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Section 8.3 Nack/Jones1 8.3 Cylinders & Cones

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Section 8.3 Nack/Jones2 Cylinders A cylinder has 2 bases that are congruent circles lying on parallel planes. The cylinder is a right cylinder if the line joining the centers of the circles called an axis is an altitude—that is, perpendicular to the planes of the circular bases.

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Section 8.3 Nack/Jones3 Surface Area of a Cylinder Theorem 8.3.1: The lateral area L of a right circular cylinder with altitude of length h and circumference C of the base is given by: L = hC or L = 2 rh Theorem 8.3.2: The total area T of a right circular cylinder with base area B and lateral area L is given by: T = L + 2B or T = 2 rh + 2 r² Example: For the figure: L = 2 5 12 = 120 sq. units T = 120 + 2 5² = l70 sq. units. h = 12 5

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Section 8.3 Nack/Jones4 Volume of a Cylinder Theorem 8.3.3: The volume V of a right circular cylinder with base area B and altitude of length h is given by: V = Bh or V = r²h Example: The volume of the right cylinder with radius = 5 and height = 12 is: V = 5² (12) = 60 units 3

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Section 8.3 Nack/Jones5 Cone The solid figure formed by connecting a circle with a point not in the plane of the circle is called a cone. A cone has one base. Right cone: the altitude passes through the center of the base circle. Also the slant height is the distance l Oblique cone: If the altitude, h, is not perpendicular to the base.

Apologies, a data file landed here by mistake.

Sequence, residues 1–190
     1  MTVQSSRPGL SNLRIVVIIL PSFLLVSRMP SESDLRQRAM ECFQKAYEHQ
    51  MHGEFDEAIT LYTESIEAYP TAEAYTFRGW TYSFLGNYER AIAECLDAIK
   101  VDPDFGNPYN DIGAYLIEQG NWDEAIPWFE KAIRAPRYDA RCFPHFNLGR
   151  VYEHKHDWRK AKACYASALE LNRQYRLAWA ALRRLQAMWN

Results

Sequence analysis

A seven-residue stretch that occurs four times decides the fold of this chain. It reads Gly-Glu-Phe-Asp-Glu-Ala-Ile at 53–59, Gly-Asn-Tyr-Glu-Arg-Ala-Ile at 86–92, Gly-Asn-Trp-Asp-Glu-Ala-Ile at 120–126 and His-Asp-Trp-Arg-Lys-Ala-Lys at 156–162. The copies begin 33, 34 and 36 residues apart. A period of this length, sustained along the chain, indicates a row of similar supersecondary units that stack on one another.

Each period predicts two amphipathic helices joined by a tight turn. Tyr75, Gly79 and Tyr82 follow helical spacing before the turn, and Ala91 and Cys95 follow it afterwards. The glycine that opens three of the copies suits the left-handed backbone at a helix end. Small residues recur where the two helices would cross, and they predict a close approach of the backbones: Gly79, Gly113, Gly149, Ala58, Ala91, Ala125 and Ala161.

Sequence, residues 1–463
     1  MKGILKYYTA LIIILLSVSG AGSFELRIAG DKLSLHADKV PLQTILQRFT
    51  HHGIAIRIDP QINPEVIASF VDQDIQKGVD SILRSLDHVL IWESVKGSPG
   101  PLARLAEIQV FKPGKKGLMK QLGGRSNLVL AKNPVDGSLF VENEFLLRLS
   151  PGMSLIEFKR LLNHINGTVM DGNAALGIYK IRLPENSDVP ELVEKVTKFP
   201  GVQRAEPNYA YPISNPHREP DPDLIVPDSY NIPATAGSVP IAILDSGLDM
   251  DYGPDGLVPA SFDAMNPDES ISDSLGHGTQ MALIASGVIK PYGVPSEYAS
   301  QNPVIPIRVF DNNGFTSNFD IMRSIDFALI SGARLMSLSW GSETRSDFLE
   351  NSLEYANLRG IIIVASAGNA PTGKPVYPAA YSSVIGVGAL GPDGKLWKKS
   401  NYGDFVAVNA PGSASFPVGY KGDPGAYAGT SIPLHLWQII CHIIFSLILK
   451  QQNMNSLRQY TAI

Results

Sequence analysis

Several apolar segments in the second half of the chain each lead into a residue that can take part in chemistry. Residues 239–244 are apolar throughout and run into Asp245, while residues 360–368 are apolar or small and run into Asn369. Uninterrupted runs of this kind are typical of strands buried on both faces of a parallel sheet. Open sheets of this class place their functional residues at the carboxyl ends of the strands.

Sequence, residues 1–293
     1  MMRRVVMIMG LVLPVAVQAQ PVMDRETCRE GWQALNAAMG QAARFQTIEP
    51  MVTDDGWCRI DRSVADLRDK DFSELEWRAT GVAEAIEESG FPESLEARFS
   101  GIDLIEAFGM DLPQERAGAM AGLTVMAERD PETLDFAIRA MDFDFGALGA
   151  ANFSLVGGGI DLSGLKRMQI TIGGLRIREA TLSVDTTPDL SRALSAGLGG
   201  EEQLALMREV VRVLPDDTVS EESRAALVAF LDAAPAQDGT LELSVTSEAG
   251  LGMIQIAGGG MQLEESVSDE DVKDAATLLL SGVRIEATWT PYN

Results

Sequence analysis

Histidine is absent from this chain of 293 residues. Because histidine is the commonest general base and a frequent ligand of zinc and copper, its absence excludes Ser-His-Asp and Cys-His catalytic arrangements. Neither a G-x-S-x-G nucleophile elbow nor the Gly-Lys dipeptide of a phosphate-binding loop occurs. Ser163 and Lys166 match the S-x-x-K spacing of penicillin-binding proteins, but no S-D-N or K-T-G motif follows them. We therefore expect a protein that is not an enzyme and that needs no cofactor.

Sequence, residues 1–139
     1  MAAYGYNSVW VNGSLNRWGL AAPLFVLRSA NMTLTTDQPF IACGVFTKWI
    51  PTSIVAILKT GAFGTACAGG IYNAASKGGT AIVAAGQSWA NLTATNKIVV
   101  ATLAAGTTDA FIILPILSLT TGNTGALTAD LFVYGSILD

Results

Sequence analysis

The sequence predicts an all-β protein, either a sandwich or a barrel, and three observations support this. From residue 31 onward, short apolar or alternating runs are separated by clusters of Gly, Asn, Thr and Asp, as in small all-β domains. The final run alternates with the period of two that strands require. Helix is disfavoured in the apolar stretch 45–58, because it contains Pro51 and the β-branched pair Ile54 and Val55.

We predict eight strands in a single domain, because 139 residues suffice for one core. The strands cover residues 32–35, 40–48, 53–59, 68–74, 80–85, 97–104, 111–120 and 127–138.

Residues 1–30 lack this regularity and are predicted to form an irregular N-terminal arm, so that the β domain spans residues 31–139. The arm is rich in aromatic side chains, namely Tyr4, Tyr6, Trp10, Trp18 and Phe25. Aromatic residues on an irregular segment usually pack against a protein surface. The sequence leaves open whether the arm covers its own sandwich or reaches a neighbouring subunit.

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Section 8.3 Nack/Jones6 Surface Area of a Cone Theorem 8.3.4: The lateral area L of a right circular cone with slant height of length l and circumference C of the base is given by: L = ½ l C or L = ½ l (2 r) Theorem 8.3.5: The total area T of a right circular cone with base area B and lateral area L is given by: T = B + L or T = r² + r l Theorem 8.3.6: In a right circular cone, the lengths of the radius r (of the base), the altitude h, and the slant height l satisfy the Pythagorean Theorem; that is l ² = r² + h² in every right circular cone.

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Section 8.3 Nack/Jones7 Volume of a Cone Theorem 8.3.7: The volume V of a right circular cone with base area B and altitude of length h is given by: V = ⅓ Bh V = ⅓ r²h Solids of Revolution Locus of points when we rotate a plane region around a line segment which becomes the axis of the resulting solid formed. Figure 8.35 and Example 6 p

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Section 8.3 Nack/Jones8 Solids of Revolution P Practice exercises: p. 397, #24.

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